The Proteus System for the Development of Parallel Applications
Allen Goldberg, Jan Prins, John Reif, Rik Faith, Zhiyong Li, Peter
Mills, Lars Nyland, Dan Palmer, James Riely, Stephen Westfold
April, 1994 (rev. Aug 1994).
In recent years technological advances have made the construction of
large-scale parallel computers economically attractive. These machines have
the potential to provide fast solutions to computationally demanding problems
that arise in computational science, real-time control, computer simulation,
large database manipulation, and other areas. However , applications that
exploit this performance potential have been slow to appear; such applications
have proved exceptionally difficult to develop and, once written, too often
fail to deliver the expected speed-up.
This state of affairs may be explained by the proliferation of
parallel architectures and the simultaneous lack of effective
high-level architecture-independent programming languages. Parallel
applications are currently developed using low-level parallel
programming notations that reflect specific features of the target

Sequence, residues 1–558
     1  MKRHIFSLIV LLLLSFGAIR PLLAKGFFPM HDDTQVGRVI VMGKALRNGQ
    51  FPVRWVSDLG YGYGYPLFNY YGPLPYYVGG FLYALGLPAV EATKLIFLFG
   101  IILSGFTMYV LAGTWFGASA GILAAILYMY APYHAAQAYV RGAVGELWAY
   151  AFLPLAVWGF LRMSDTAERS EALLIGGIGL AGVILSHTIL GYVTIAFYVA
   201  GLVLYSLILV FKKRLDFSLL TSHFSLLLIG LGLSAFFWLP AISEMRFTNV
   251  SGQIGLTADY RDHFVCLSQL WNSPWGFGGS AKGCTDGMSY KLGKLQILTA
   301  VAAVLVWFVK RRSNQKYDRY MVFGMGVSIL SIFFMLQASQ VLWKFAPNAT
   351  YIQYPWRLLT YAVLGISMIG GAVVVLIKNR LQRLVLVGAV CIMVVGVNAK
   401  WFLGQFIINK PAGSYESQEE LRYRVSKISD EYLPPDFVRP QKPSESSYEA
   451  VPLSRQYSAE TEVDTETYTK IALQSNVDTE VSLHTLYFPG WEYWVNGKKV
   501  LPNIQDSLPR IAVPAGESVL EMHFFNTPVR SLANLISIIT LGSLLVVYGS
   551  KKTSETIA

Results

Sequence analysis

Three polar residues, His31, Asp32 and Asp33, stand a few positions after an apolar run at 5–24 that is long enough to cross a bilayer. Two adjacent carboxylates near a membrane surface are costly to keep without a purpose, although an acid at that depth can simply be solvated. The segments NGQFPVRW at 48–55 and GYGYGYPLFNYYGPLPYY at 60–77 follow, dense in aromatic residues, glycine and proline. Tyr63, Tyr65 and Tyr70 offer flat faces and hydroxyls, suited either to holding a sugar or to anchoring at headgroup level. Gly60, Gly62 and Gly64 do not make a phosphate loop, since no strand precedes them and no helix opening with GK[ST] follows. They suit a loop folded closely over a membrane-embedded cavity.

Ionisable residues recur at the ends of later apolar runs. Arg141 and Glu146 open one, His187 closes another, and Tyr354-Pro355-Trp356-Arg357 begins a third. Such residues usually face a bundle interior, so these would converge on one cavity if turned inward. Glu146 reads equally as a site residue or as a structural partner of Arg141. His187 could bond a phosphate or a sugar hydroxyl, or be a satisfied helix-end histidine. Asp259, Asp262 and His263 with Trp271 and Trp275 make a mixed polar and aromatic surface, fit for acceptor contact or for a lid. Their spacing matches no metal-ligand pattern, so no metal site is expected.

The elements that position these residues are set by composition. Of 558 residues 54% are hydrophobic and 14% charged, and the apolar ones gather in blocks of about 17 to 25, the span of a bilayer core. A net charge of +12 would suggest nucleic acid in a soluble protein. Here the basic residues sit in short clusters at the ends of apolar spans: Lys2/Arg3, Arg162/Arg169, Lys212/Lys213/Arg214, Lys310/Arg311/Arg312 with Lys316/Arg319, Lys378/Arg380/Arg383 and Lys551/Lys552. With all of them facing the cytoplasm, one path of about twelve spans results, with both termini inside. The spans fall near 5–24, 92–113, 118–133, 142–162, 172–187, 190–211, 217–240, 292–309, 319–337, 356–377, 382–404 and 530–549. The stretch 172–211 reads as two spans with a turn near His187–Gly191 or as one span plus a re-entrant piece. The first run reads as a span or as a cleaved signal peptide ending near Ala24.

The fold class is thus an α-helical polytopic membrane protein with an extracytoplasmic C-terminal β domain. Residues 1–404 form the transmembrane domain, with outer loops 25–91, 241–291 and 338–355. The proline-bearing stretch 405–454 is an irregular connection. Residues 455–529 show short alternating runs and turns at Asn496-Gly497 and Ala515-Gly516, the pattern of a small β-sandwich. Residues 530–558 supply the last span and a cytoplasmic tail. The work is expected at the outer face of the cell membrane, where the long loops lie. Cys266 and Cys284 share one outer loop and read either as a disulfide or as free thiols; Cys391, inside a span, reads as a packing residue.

architecture (e.g., shared vs. distributed memory , SIMD vs. MIMD,
exposed vs. hidden interconnection network). These notations have
- they lack portability across architectures, and
- they are too low-level to support the expression and exploration of complex designs.
The problem is a fundamental one: abstract models of parallel
computation lead to unrealistic algorithms, whereas machine-specific
models lead to intractable analysis of even the simplest programs. The
effect of the target architecture is pervasive: at a high level,
different architectures often require fundamentally different
algorithms to achieve optimal performance; at a low level, overall
performance exhibits great sensitivity to changes in communication
topology and memory hierarchy. The result is that the developer of a
parallel application must explore a complex and poorly understood
design space that contains significant architecture-dependent trade-offs.
Moreover, this algorithmic exploration must be conducted using
programming languages that offer exceptionally low levels of
abstraction in their mechanisms for expressing concurrency . While a
reasonable solution to these problems is to trade reduced access to
architecture-specific performance for improved abstract models of
computation, this trade may not always be the right one: the whole
point of parallelism, for most applications, is performance.
The goal of the DUNCK (Duke University, University of North Carolina
at Chapel Hill and the Kestrel Institute) ProtoTech effort is to provide
improved capabilities for
- exploring the design space of a parallel application using prototypes, and
- evolving a prototype into a highly-specialized and efficient parallel implementation.
Full paper: PDF, PS.